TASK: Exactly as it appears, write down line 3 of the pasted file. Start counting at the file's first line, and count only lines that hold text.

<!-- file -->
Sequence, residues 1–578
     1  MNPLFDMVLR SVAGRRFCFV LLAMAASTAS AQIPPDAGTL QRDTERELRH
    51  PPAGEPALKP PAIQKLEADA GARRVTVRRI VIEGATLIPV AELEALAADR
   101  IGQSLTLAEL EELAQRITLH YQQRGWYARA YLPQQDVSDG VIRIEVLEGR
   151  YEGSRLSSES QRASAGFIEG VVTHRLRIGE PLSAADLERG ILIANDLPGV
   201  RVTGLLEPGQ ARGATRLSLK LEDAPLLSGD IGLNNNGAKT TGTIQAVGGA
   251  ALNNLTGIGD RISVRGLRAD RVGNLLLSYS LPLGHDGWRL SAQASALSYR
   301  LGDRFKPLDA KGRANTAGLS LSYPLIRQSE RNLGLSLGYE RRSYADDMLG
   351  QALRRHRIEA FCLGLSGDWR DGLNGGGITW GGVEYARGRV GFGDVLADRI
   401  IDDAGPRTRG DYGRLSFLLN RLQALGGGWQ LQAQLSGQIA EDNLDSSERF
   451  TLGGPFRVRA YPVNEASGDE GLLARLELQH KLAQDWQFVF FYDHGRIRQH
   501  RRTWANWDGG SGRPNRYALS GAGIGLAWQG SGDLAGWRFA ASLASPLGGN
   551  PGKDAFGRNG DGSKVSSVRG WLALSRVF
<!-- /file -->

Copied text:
    51  PPAGEPALKP PAIQKLEADA GARRVTVRRI VIEGATLIPV AELEALAADR